Action against terrorism must now be collective and coordinated on a global scale.
That is the message from the French President during an address to foreign diplomats based in Paris.
Francois Hollande repeated his government’s determination to toughen police action and legislation in the face of terrorism.
He also talked about the increasing use of the Internet by terrorist groups to spread their message and recruit young people.
The president said authorities had to react, together with key Internet players, to ensure that terrorist groups were not able to operate online with impunity.
Operators of social media sites have already come under pressure to get tougher on who has access to their pages and to more closely monitor them for illegal activity and hate speech.
It may be a surprise to many, for example, that it is a crime in France to “apologise for terrorism”.
Under this legislation, a French comedian was arrested this week for alleged comments made about the Paris terror attacks.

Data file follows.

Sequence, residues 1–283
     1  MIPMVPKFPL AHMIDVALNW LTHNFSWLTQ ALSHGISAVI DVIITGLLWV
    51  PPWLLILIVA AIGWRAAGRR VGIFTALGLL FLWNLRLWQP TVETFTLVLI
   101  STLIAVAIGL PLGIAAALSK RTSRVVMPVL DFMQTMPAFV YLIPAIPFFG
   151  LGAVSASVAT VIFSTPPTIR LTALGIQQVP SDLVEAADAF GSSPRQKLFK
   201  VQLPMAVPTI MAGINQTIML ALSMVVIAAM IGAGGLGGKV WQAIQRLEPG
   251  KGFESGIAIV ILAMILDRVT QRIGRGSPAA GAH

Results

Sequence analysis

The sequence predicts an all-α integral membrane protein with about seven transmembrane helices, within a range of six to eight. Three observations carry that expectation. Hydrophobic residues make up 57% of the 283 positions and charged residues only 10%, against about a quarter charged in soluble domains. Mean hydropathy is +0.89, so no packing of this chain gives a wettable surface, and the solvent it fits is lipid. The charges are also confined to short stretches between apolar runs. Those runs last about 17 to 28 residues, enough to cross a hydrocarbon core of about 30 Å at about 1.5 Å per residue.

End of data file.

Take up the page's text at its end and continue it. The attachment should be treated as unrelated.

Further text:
At least six people have been jailed since January 9 on the same charge in France, with immediate court appearances and sentences.
This includes one young man who left comments in support of the Paris attacks on his facebook page.
The prison terms range from three months to four years. Anti-terrorism legislation was strengthened in November 2013
In the facebook case, the police acted after “friends” denounced the man, 27, from La Valette-du-Var. The other jail terms were for cases involving comments directly heard by police officers.
The French Justice Minister said on Wednesday that police were investigating 54 complaints of “apologies for terrorism”, including a case against a 14-year-old girl.
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